Schools leaders in some rural communities their schools are strapped for cash and have cut to the bone. A state task force is examining the situation.
Assembly Speaker Robin Vos formed the group of legislators last year, to recommend solutions to problems observed. The Rural Schools Task Force has toured dozens of Wisconsin districts. They face unique challenges, according to Republican Assemblyman Rob Swearingen, chair of the task force.
Swearingen says for one, schools in sparsely populated areas have to spend a good deal of money transporting students, long distances. Then, some regions have limited access to the internet. He says it can compromise students’ education.
"They have a great connection in the school, but if they're going to do any sorts of downloads or get any homework done, a lot of these kids are still based on dial-up connections just outside of the school district," Swearingen says.
Yet Swearingen says perhaps the biggest challenge rural districts face, is retaining teachers.
"Some of these districts feel they're being used as training grounds for teachers coming out of college. In other words, they'll spend one or two years there, and then get enticed away from that rural district into a bigger district that can offer them more money," Swearingen says.
While those dilemmas may be the result of geography, Jerry Fiene says the big culprit behind rural schools’ problems is Wisconsin’s formula for funding schools. Fiene is executive director of the Wisconsin Rural School Alliance. He says things started changing in the early 1990s, when the state restricted how much money districts could get from property taxes. There had been cries, to keep a lid on them.
"The biggest issue that rural schools are facing is that after twenty years of revenue limits and declining enrollments and allowable increases in their budgets that is less than what inflation is, they have had to cut many opportunities for their students," Fiene says.
The situation deepened for some districts in 2011, when the state slashed aid to schools and capped property tax increases. At the same time, it passed Act 10, allowing districts to control teacher salaries and benefits. Some school leaders say they've cut as much as they can.
Democratic state Representative Fred Clark says not only is student education at stake, so is the essence of some rural communities. Clark also serves on the state task force.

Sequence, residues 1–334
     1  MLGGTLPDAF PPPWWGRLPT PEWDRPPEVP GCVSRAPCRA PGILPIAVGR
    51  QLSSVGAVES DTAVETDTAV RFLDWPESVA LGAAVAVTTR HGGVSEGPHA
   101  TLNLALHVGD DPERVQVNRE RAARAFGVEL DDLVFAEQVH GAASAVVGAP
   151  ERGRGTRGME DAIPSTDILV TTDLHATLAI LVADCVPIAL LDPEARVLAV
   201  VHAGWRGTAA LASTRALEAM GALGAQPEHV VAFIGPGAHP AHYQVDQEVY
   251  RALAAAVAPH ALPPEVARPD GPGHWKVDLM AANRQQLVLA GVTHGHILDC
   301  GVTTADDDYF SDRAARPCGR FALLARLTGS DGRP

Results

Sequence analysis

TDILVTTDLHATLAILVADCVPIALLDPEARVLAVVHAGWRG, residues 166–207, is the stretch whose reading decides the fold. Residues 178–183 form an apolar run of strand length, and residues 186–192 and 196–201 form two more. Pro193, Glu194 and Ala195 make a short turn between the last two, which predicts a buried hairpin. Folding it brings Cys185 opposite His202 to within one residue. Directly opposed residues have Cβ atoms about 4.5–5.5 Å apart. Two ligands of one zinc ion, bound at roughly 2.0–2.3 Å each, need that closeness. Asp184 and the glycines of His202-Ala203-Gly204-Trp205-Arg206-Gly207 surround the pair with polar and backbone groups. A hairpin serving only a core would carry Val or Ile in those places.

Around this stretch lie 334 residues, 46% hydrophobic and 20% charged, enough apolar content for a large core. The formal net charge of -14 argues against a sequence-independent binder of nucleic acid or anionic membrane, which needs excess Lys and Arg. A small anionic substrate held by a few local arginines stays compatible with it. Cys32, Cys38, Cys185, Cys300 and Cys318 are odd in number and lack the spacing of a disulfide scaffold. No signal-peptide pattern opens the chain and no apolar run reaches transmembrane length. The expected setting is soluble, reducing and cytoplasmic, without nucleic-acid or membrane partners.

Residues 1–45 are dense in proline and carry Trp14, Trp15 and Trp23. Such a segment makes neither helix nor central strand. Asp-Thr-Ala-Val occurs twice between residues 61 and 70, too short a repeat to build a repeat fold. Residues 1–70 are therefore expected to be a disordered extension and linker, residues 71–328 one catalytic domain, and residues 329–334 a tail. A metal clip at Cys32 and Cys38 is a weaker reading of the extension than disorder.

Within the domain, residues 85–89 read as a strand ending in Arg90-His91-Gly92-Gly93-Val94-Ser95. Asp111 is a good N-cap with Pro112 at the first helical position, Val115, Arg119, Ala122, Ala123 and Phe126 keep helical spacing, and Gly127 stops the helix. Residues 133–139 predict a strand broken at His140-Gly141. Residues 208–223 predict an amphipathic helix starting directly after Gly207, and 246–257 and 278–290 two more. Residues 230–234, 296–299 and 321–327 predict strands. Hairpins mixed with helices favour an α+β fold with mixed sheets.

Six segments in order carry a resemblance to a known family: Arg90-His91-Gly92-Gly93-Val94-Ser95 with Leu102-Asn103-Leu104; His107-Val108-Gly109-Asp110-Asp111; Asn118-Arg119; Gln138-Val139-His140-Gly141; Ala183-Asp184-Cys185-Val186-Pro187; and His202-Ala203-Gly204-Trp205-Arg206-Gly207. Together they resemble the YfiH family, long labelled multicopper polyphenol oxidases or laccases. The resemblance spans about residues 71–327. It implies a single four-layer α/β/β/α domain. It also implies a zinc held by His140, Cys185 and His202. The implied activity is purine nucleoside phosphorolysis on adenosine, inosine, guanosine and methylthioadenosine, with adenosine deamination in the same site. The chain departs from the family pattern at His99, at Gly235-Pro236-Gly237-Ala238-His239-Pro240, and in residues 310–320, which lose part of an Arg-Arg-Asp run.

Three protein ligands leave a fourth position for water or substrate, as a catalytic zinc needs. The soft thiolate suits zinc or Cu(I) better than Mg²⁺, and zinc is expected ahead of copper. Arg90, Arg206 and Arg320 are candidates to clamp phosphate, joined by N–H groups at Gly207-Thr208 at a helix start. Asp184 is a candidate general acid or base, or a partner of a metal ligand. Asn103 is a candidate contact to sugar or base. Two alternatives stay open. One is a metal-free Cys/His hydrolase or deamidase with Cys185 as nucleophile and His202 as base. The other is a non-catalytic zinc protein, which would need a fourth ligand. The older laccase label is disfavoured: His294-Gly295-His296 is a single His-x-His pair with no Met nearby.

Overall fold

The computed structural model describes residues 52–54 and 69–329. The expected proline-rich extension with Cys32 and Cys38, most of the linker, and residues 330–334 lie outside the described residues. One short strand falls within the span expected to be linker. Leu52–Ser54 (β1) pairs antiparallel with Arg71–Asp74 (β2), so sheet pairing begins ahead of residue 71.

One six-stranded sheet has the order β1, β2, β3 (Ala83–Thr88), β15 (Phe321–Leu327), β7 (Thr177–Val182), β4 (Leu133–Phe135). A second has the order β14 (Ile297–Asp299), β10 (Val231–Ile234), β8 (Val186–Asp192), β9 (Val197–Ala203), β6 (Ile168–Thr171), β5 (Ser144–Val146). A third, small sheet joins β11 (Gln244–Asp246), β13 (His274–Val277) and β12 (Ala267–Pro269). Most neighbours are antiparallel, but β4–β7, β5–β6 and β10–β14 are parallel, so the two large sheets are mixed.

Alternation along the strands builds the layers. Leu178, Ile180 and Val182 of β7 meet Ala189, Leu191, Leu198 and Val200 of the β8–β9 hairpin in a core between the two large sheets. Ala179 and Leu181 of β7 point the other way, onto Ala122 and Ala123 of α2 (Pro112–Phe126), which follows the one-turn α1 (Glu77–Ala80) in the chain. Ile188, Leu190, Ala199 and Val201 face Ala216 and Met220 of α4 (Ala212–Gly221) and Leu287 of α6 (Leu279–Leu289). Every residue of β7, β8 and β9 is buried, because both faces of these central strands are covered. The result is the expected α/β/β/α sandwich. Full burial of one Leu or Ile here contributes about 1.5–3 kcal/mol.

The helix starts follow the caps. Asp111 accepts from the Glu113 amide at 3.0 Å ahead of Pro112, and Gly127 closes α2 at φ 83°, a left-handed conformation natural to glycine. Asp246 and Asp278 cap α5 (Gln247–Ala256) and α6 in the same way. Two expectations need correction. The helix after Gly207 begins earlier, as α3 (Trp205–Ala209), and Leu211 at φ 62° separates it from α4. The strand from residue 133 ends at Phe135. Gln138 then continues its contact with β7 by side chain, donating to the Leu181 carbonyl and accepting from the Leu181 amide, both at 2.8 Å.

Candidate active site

"The schools are literally what binds those communities together, and if we allow those to go away, or to force them to close and put kids on the bus for an hour and a half to go to some larger city, we're really destroying the fabric of rural Wisconsin and that would be very unfortunate if allowed that to happen. We can't allow that to happen," Clark says.
The option school districts have, if they need more money, is to ask voters if they’d paid higher property taxes.
Dale Knapp is research director of the Wisconsin Taxpayers Alliance. It studied the success of such referenda. Knapp says voters usually say yes, only if their school district desperately needs cash.
"You're asking voters to vote themselves a property tax increase when maybe their incomes haven't been rising, etc. And so, a lot of times what they're saying to the districts is, "We're making sacrifices at the household level. We want to see you trimming your belt—trimming things a little bit at the school district level first, and then come back to us," Knapp says.
Some districts are asking residents for a short-term increase in taxes, others, for years.
Jerry Fiene of the Wisconsin Rural School Alliance says what districts ultimately need is a new formula for funding rural schools.
"(A mechanism) that takes into consideration such things as declining enrollment, increasing poverty, sparsity – few students per square mile in rural school districts—a formula that would take all those factors into consideration with adequate resources that would increase at a predictable level," Fiene says.
The task force examining the challenges rural districts face, will release is findings and recommendations, later in April.